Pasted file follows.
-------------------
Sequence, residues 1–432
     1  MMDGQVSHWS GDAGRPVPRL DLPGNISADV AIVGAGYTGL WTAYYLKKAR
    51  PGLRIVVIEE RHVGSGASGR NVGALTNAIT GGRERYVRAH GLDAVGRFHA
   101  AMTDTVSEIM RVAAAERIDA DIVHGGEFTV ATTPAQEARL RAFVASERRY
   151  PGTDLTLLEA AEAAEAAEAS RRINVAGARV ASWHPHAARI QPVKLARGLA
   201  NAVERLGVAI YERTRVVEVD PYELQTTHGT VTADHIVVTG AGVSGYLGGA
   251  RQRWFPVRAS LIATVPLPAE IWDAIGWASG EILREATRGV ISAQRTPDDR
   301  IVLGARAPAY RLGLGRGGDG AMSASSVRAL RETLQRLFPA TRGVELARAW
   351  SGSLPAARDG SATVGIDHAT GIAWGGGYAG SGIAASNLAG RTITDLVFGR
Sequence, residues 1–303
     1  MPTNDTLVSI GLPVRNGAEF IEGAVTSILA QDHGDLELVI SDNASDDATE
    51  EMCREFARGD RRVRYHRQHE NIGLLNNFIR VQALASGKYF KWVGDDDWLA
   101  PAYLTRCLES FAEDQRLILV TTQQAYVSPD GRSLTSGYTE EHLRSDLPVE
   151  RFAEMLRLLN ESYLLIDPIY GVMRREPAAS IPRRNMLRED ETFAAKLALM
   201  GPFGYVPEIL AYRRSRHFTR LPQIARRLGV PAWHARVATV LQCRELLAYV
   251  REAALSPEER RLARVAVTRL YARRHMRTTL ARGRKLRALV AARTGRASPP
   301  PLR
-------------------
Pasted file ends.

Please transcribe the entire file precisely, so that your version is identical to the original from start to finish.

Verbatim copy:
Sequence, residues 1–432
     1  MMDGQVSHWS GDAGRPVPRL DLPGNISADV AIVGAGYTGL WTAYYLKKAR
    51  PGLRIVVIEE RHVGSGASGR NVGALTNAIT GGRERYVRAH GLDAVGRFHA
   101  AMTDTVSEIM RVAAAERIDA DIVHGGEFTV ATTPAQEARL RAFVASERRY
   151  PGTDLTLLEA AEAAEAAEAS RRINVAGARV ASWHPHAARI QPVKLARGLA
   201  NAVERLGVAI YERTRVVEVD PYELQTTHGT VTADHIVVTG AGVSGYLGGA
   251  RQRWFPVRAS LIATVPLPAE IWDAIGWASG EILREATRGV ISAQRTPDDR
   301  IVLGARAPAY RLGLGRGGDG AMSASSVRAL RETLQRLFPA TRGVELARAW
   351  SGSLPAARDG SATVGIDHAT GIAWGGGYAG SGIAASNLAG RTITDLVFGR
Sequence, residues 1–303
     1  MPTNDTLVSI GLPVRNGAEF IEGAVTSILA QDHGDLELVI SDNASDDATE
    51  EMCREFARGD RRVRYHRQHE NIGLLNNFIR VQALASGKYF KWVGDDDWLA
   101  PAYLTRCLES FAEDQRLILV TTQQAYVSPD GRSLTSGYTE EHLRSDLPVE
   151  RFAEMLRLLN ESYLLIDPIY GVMRREPAAS IPRRNMLRED ETFAAKLALM
   201  GPFGYVPEIL AYRRSRHFTR LPQIARRLGV PAWHARVATV LQCRELLAYV
   251  REAALSPEER RLARVAVTRL YARRHMRTTL ARGRKLRALV AARTGRASPP
   301  PLR